But if you enjoy the “teamwork and communication” parts of IB, it might be a better fit.

Also, you have to accept a not-so-clear advancement path. As with other non-finance companies, you won’t see big jumps in compensation or equity unless you start a company or join a startup as an early employee.

Q: And is that in your future as well?

A: Yes, eventually I want to take another shot at starting my own company.

I picked a poor market the first time around and didn’t have much experience, but I’ve learned a lot about product development here, and I feel more confident now.

I still enjoy what I do every day, so this plan is at least a few years away.

Q: Great. Thanks for your time!

A: My pleasure.

M&I - Brian

About the Author

Brian DeChesare is the Founder of Mergers & Inquisitions and Breaking Into Wall Street. In his spare time, he enjoys memorizing obscure Excel functions, editing resumes, obsessing over TV shows, traveling like a drug dealer, and defeating Sauron.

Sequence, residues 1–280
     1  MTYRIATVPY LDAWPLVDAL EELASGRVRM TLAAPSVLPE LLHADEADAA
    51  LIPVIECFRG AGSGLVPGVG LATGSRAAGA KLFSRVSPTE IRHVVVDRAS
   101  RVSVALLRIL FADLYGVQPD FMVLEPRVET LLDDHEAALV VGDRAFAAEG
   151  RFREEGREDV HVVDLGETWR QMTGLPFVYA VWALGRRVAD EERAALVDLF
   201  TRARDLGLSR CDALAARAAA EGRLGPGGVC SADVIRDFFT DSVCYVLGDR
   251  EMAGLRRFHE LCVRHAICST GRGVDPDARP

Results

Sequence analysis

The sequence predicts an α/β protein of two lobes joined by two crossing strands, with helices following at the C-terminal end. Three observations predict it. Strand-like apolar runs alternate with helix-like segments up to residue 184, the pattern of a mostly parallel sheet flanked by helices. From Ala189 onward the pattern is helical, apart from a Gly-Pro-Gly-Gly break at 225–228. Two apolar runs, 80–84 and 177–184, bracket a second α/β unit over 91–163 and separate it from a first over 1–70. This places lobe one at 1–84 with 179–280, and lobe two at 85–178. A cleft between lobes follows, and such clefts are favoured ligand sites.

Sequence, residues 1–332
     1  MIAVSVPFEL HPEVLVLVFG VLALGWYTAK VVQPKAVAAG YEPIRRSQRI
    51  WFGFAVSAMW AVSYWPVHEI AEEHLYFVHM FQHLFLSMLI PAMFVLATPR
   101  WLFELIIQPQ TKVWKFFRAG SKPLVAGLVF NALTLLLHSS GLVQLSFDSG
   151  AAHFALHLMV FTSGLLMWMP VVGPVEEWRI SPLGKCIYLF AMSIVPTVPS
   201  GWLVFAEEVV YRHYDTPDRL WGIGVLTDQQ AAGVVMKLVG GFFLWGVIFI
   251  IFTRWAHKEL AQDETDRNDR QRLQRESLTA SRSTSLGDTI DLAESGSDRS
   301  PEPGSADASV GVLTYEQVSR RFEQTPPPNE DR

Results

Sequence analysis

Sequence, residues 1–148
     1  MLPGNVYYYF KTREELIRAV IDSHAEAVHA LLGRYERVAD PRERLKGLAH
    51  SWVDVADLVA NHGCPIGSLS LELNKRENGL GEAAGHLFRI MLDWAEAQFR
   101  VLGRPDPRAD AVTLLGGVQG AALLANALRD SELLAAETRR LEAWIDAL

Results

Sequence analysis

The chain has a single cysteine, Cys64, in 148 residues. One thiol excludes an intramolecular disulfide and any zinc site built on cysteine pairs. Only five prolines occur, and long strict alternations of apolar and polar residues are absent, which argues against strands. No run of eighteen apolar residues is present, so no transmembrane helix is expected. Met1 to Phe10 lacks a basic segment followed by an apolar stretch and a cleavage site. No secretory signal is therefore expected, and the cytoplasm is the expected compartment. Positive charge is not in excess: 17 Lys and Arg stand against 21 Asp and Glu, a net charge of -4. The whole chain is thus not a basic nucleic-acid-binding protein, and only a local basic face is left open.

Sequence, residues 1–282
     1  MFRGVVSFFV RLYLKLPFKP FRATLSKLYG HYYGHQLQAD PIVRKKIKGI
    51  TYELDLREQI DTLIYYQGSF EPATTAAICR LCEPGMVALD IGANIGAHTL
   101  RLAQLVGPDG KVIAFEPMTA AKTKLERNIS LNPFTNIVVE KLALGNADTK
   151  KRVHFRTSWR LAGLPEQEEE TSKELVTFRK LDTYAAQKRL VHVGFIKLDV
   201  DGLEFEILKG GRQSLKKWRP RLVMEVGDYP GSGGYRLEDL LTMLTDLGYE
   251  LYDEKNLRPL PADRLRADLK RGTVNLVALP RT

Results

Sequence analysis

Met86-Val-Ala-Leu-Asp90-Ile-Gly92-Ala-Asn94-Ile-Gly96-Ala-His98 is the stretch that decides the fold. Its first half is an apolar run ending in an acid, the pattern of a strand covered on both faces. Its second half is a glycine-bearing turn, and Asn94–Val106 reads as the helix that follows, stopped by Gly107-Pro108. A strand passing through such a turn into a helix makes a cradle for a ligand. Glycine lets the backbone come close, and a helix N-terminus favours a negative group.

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Comments

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  1. good interview, thank you. just wanted to respond to a few points:

    “Product management roles rarely lead to C-level executive positions, so if you want to become CEO, CFO, or CMO, you should work in a different group.”

    if your goal is to become CFO or CMO, this is true. If your goal is to become CEO or CPO however, this is not true. many successful startups were founded by former product managers from larger companies.

    “Personally, I never continued the process with any company that asked for [product specs] because I thought it was unreasonable for full-time candidates.”